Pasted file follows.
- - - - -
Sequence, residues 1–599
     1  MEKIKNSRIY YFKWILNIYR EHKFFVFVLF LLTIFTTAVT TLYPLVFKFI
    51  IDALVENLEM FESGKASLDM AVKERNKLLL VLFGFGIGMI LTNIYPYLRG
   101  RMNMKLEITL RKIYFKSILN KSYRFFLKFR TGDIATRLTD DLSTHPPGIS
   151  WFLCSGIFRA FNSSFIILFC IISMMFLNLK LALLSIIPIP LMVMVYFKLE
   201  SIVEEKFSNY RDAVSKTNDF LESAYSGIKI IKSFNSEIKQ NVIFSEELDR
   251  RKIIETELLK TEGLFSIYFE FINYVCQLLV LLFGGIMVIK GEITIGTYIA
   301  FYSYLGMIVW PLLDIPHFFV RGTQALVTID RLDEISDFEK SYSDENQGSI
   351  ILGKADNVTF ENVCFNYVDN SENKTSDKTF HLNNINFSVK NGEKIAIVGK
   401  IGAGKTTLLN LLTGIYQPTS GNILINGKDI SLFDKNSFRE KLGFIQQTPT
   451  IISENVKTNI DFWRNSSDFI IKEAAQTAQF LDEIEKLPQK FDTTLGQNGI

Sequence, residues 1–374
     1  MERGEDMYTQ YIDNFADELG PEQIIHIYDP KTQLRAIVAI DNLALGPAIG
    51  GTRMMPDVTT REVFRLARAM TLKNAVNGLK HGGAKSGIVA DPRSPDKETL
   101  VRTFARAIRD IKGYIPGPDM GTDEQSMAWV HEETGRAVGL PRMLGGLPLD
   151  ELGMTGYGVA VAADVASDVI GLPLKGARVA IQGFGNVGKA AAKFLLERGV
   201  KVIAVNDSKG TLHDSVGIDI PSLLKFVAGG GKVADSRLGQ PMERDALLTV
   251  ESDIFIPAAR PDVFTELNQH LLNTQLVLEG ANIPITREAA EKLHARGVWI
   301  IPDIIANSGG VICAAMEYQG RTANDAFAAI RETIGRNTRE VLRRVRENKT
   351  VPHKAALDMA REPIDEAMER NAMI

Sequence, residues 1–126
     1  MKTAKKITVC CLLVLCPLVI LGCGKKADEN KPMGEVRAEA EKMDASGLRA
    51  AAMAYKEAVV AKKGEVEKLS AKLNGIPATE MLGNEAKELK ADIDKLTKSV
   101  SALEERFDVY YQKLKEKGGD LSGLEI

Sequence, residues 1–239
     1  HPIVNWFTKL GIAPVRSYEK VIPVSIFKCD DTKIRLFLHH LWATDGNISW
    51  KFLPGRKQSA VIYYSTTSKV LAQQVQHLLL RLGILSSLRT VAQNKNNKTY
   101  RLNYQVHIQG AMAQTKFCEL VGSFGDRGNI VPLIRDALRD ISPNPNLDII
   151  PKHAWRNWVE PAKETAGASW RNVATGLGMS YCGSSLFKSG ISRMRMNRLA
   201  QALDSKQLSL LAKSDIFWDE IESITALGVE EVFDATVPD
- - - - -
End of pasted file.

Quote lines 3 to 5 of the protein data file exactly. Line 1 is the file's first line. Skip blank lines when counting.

    51  IDALVENLEM FESGKASLDM AVKERNKLLL VLFGFGIGMI LTNIYPYLRG
   101  RMNMKLEITL RKIYFKSILN KSYRFFLKFR TGDIATRLTD DLSTHPPGIS
   151  WFLCSGIFRA FNSSFIILFC IISMMFLNLK LALLSIIPIP LMVMVYFKLE